By comparison, to ask forgiveness is to accept blame and moral responsibility for the Bad Thing without excuse or pointing to some mitigating circumstance. It’s the promise that behind and before that act came a legitimate, concentrated moral reckoning. And there is a chance, still, that being “indefinitely suspended” from most of his sponsors will result in Jason Jessee showing us that he’s reckoning with his Bad Things. That will mean more interviews and video clips. It will go on and he’ll either learn or not, it will be his journey, and I frankly don’t care too much about Jason Jessee anymore, and you probably shouldn’t either.
The real issue at hand here is not Jason Jessee but the system that was complicit in putting him into his current role despite knowing the Bad Things in his past. The big problem is the prevailing silence and empty emoticons that defined the skate industry’s response to his apology. Those who spoke did so obliquely, and few I talked to were willing to go on the record with any comment remotely specific to Jessee. Ryan Lay was, for a time, the only known skater who commented. “I really would prefer not to be the only person addressing this,” he eventually wrote to the public, “but a lot of people in the skate community are really upset and rightfully so. They basically feel like the industry has let them down.”
Jim Thiebaud posted his own apology for the role he played in the complicit-ness, and reached out to me to say emphatically, “Bigotry and hatred don’t belong in skateboarding. Period.” Hearing his voice, hearing Bob Denike’s voice and Andrew Cannon’s voice, it was clear that those first few days after the story broke were tough on them.
Reckonings are, by their nature, difficult things. Far easier to go the route of The Nine Club, who responded to a DM by explaining how they “try to avoid all that negative crap. Jason is a great skateboarder and person who said some really dumb stuff back in the mid ‘90s…no need to revisit it.”
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The United States is a nation founded on land stolen from indigenous non-whites, and wealth built from the slave labor of African blacks. Modern skateboarding is an industry and culture founded on the exploits of a dozen surfers and skaters in the 1970s and the writer/photographer who made them into legends. This is the gospel according to Craig Stecyk, whose writing on the Z-Boys you probably have not read, but have definitely seen quoted. For instance: “Yesterday’s heroes, the mangled messages left molding by the all-fronts media blitz and tomorrow’s tragedies are all meaningless to the contemporary skater.” Here, in a typically florid and alliterative sentence, is the entire mythos of the skate outlaw and their rolling, eternal now. No looking back, and no looking forward either.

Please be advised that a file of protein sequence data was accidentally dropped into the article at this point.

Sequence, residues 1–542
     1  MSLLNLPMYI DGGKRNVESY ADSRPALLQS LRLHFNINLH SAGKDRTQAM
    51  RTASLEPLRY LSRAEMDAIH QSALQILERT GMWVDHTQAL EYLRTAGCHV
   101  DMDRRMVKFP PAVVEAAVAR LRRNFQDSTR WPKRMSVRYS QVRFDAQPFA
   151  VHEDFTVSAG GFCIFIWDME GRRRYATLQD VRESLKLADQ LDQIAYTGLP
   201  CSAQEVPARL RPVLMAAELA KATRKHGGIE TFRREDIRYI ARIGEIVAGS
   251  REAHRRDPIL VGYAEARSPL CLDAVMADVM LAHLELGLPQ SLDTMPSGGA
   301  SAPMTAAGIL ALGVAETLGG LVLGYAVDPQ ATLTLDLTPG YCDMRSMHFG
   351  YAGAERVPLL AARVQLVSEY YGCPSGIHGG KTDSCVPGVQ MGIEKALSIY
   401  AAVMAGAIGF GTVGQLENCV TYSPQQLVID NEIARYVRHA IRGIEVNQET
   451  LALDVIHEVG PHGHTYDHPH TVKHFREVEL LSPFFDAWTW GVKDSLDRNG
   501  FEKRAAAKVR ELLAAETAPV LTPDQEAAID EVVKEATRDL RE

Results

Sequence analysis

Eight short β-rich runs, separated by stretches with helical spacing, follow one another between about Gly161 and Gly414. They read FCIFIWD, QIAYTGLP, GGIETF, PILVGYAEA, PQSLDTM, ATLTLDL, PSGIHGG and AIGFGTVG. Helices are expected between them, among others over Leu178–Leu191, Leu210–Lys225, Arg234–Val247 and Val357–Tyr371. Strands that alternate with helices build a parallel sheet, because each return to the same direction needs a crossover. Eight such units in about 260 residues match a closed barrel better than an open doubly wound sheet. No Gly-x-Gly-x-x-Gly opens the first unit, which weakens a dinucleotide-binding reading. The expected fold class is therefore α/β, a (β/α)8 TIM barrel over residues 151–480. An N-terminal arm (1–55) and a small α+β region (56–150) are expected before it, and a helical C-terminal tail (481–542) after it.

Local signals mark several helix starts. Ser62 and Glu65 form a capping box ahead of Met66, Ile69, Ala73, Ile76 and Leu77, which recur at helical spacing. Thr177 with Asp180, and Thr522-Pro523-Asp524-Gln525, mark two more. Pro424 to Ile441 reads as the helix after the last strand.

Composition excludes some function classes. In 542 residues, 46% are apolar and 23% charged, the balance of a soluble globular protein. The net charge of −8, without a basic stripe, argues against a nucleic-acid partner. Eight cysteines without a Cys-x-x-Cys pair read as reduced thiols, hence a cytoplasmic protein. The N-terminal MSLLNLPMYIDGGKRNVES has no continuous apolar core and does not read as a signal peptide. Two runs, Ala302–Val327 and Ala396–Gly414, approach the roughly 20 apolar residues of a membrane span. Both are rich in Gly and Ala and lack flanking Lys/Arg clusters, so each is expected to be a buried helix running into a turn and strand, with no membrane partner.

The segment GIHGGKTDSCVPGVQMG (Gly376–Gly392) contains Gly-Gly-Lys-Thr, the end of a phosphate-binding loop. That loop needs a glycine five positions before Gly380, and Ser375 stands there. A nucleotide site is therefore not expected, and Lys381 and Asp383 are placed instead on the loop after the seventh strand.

But I’m not sure many skateboarders realize just how small and insular the US skateboard industry really is. The slightest look behind the curtain reveals about 120 people, 150 max, cramped into a cozy pyramid; everyone knows everyone else. Nor might the average skater realize just how concentrated the power is at this pyramid’s top. In 2012 I was surprised to receive an email from Dave Carnie, a writer I’ll argue is second only to Stecyk in terms of importance to skateboarding. It seemed that Carnie had read my profile of Andrew Reynolds and wondered about doing something on Steve Berra. I’d have to be careful, he warned, because he’d have to give Berra final review of whatever I wrote. When I said, basically, hold on you’re Dave Fucking Carnie, he explained how Berra had the power to yank advertising and thus was not someone to fuck with. He admitted that this was not very punk rock, but unfortunately he had to consider the reality of the situation.